HIV prevention

  • Ruth Munyao, a pharmacist, dispenses anti-retroviral (ARV) drugs at the Mater Hospital in Kenya's capital Nairobi, September 10, 2015. Photo by Thomas Mukoya/Reuters
    September 30, 2015   BY Gretchen Frazee 

    The World Health Organization is recommending anyone infected with HIV begin treatment as soon as possible after diagnosis, making an additional nine million people eligible for treatment. Continue reading

  • Louis Arevalo holds his Truvada pills. The drug Truvada, used to halt HIV infection, has been shown to be over 90 percent effective when used correctly. Photo by Heidi de Marco/KHN
    July 30, 2015   BY Anna Gorman, Kaiser Health News 

    In California, New York, Texas and elsewhere, health workers are trying to get more high-risk Latino men to use the drug, Truvada. The medication, which is used for “Pre-Exposure Prophylaxis” or PrEP, was approved by the FDA in 2012 for HIV prevention and has been shown to be more than 90 percent effective when used correctly. But health workers are encountering barriers among many Latinos. Continue reading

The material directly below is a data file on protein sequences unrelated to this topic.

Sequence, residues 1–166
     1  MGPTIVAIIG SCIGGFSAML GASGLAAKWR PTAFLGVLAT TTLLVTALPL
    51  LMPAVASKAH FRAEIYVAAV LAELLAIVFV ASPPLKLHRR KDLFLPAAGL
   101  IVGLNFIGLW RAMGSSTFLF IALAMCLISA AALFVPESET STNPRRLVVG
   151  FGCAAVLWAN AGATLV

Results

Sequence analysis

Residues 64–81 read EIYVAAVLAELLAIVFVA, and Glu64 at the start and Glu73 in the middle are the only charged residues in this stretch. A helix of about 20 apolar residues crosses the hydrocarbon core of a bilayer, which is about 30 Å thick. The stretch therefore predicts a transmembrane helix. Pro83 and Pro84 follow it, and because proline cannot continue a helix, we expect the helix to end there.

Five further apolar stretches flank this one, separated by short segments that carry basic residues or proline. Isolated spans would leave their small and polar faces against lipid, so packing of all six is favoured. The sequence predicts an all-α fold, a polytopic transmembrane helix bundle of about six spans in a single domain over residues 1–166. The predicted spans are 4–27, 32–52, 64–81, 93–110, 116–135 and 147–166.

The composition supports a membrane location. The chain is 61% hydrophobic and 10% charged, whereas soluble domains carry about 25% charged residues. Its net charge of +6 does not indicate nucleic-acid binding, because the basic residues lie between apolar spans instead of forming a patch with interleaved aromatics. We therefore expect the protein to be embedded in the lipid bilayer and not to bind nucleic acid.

• Editor of the Ugandan publication Rolling Stone holds a November, 2010 issue of his newspaper, which published the names and photos of 14 men it identified as gay.  Photo by Marc Hofer/AFP/Getty Images
    August 29, 2014   BY Nora Daly 

    As HIV infections and AIDS-related deaths around the world fall, rates in Uganda have been on the rise in recent years. Part of the problem, according to many of the world’s top public health experts, is that the populations most at risk for HIV infection — including gay men and sex workers — face laws that do little but increase stigma, drive these groups underground and make them reluctant to seek life-saving diagnosis and treatment. Among the most problematic laws, they say, are the the U.S. “anti-prostitution pledge” and Uganda’s Anti-Homosexuality Act. Continue reading